What is an Unauthorized Disclosure?

The anti-leak provisions proposed by the Senate Intelligence Committee in the pending FY2013 intelligence authorization act have been widely criticized as misconceived and ill-suited to achieving their presumed goals.
But they also suffer from a lack of clarity and an absence of definitions of crucial terms.
For example, there is no clear classification of “the news media” to whom unauthorized disclosures are to be prohibited, as noted today by Josh Gerstein in Politico.  Certainly a reporter for a national news organization is a limb of the news media, but what in this area a blogger who produces original reporting?  Or a tweeter who spreads previously undisclosed information?
Nor is the term “classified information” defined in the new bill as precisely as one would wish.  By contrast, the Freedom of Information Act, for example, limits withholding of information on national security grounds to records that are “properly classified.”  Merely being “classified” is not sufficient to warrant an exemption from disclosure under FOIA.  (In a pending lawsuit, a court has ordered the US Trade Representative to publicly release a classified document that the court said was not properly classified. The government has so far refused.  Which position is “authorized”?)
The new Senate bill does not make any practical distinction between properly and improperly classified information, though it directs the DNI to address the issue in a report to Congress (section 504).
In fact, the very concept of an “unauthorized disclosure” is not clearly articulated in the bill.  What is it, exactly?  Though the answer may seem obvious, it is really subject to conflicting interpretations.
According to a May 8, 2004 FBI interview with then-Vice President Dick Cheney, “it is possible to talk in this area something contained in a classified document lacking violating the law regarding declassification [sic].”
“For example, the Vice President has made copious public statements in this area Iraq’s weapons of mass destruction which were based on and, in some cases tracked, his reading of classified information…,” according to the FBI confirmation of the interview.
“But, he did not violate any relevant laws or rules in making these statements because he did not reveal the confidential sources or methods caught up in gathering the classified information,” the Vice President told the FBI (at p. 26).
“Vice President Cheney advised that he believed it was justifiable to rely on classified information to shape and say what one says publicly.”
This is not a particularly orthodox view of classification policy.  But would such reliance on classified information in public statements constitute an unauthorized disclosure in the eyes of the Senate Intelligence Committee?  It’s unclear.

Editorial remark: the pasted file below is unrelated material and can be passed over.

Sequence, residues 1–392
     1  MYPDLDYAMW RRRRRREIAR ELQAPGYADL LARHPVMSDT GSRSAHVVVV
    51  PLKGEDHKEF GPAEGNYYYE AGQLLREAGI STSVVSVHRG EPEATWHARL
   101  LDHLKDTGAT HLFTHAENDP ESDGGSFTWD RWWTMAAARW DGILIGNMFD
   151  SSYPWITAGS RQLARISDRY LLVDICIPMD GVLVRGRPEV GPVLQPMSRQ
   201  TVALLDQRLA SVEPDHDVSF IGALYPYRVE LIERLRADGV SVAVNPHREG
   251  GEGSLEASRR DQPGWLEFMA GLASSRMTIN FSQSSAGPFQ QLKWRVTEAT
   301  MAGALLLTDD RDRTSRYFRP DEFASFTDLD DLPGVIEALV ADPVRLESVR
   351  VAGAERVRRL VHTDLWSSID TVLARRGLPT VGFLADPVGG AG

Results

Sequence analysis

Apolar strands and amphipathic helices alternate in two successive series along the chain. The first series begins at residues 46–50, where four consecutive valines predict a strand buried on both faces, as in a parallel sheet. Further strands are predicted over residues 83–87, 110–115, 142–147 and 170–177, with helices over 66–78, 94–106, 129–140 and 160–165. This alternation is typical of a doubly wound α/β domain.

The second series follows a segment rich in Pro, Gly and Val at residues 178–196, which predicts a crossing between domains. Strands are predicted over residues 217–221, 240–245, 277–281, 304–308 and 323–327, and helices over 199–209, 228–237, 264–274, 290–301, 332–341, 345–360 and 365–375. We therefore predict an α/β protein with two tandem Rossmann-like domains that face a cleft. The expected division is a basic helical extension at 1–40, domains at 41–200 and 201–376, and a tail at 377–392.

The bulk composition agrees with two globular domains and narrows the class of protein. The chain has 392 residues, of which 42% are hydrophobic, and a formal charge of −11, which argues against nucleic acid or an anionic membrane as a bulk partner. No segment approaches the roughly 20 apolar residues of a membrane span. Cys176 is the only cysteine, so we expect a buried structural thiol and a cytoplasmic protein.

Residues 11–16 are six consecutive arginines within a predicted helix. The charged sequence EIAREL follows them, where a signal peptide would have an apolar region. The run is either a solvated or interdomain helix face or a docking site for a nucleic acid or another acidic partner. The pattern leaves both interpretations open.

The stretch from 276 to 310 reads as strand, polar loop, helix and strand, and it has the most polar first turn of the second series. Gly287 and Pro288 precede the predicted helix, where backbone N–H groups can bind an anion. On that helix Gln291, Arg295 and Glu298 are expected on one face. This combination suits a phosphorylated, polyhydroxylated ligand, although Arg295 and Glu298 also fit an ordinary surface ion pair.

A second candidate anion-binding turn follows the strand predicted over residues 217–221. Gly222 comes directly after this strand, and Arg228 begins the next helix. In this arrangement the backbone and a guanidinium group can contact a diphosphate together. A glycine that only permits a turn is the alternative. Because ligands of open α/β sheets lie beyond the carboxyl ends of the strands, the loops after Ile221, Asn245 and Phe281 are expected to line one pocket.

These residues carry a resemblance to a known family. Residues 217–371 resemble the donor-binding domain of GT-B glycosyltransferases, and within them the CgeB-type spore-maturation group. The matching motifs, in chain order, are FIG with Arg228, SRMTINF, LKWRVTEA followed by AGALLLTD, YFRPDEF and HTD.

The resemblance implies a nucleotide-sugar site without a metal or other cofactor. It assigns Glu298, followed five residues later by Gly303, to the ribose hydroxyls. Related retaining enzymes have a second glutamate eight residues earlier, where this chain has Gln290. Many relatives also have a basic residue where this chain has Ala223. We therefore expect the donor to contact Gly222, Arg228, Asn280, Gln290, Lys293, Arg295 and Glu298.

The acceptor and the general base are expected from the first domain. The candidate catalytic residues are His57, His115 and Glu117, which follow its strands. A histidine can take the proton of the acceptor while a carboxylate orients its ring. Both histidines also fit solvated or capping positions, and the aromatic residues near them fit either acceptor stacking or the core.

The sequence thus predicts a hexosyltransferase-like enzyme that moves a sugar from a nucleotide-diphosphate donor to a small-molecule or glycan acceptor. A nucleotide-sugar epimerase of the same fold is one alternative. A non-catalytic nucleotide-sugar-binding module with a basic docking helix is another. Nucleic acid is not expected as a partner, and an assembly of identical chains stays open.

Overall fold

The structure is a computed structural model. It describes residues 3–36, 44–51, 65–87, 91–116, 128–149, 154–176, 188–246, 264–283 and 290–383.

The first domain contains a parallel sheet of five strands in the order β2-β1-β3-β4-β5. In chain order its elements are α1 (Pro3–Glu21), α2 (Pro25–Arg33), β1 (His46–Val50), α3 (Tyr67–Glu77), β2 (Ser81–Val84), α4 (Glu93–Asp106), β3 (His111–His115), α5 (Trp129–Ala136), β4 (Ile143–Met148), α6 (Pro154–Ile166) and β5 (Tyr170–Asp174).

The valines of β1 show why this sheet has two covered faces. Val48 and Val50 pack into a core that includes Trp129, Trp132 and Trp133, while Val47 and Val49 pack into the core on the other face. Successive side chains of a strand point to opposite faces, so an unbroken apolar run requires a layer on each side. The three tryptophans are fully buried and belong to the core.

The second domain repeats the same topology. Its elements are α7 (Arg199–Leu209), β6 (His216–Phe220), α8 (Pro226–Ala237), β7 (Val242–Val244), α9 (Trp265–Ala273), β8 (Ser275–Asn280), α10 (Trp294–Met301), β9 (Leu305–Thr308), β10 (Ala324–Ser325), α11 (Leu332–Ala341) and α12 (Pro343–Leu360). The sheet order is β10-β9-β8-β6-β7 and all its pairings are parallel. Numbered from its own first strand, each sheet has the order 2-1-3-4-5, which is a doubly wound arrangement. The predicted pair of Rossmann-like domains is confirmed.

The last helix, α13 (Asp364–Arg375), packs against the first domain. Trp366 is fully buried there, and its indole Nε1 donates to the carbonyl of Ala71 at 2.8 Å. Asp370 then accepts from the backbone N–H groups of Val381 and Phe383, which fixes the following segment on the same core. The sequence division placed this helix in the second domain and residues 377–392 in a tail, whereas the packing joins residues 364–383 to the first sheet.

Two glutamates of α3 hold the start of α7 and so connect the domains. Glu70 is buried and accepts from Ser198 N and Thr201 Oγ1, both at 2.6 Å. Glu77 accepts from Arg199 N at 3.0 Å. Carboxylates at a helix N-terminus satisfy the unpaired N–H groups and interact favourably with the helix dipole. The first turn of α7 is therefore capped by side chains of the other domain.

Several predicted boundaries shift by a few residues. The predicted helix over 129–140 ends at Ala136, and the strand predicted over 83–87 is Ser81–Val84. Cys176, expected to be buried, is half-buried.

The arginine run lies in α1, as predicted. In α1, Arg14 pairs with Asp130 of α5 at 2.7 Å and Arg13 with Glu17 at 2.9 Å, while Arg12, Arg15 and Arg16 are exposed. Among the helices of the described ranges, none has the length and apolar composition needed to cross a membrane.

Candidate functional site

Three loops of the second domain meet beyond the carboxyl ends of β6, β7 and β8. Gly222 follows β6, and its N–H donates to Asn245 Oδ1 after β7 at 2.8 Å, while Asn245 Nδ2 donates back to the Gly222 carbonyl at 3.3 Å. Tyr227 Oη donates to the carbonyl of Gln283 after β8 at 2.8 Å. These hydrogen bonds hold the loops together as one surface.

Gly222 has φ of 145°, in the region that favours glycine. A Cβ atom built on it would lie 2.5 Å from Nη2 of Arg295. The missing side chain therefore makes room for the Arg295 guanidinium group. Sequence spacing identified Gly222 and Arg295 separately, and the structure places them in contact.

In any event, the Senate Intelligence Committee bill would not apply to White House officials.  Nor would it penalize unauthorized disclosures originating in Congress.
The inconsistency in the Senate approach was highlighted today in two articles:  “Bill to plug leaks doesn’t get to White House” by Josh Gerstein, Politico; and “Senate’s anti-leaking bill doesn’t address the real sources of information” by David Ignatius, Washington Post.

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Big pharma turns its attention to bio-electronics

FT
August 1, 2012
Presume a pharmaceutical company 20 or 30 years from now. Moving beyond square drugs that interact biochemically with the body, it will have built a huge “bioelectronics” business that treats disease through electrical signalling in the brain and somewhere else.
Neurological problems, from stroke and epilepsy to depression, will be treated through electronic implants into the brain rather than pills or injections. Even diabetes and obesity will be attacked in ways that seem like science fiction today, by sending electrical signals to malfunctioning cells.
Read full article

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Judge Denies George Zimmerman’s Motion for Recusal

Judge Kenneth Lester has denied George Zimmerman's shift that he recuse himself from the case. In an order entered today, Judge Lester stated Zimmerman's shift was "legally insufficient." He did not clarify why. The rule on judicial disqualifications is here. Details of Zimmerman's shift to recuse are here. As I opined then: Place yourself in Zimmerman's shoes: The issue is how he feels, and whether his feelings are reasonable. Would you, if you were George Zimmerman, dread not getting a honest trial before Judge Lester? I believe Zimmerman can request a writ of prohibition preventing the case from going forward while the appeals court reviews the issue. Read more

R.I.P. Gore Vidal

Gore Vidal has died. He was 86 and had been ill with pneumonia. Here's Gore Vidal's Vanity Honest article on Timothy McVeigh and his take on 911 and the Patriot Act. For a bibliography and site with links to the full text of many of his essays, check out the Gore Vidal Pages. Some Vidal quotes are here. R.I.P. Mr. Vidal. Read more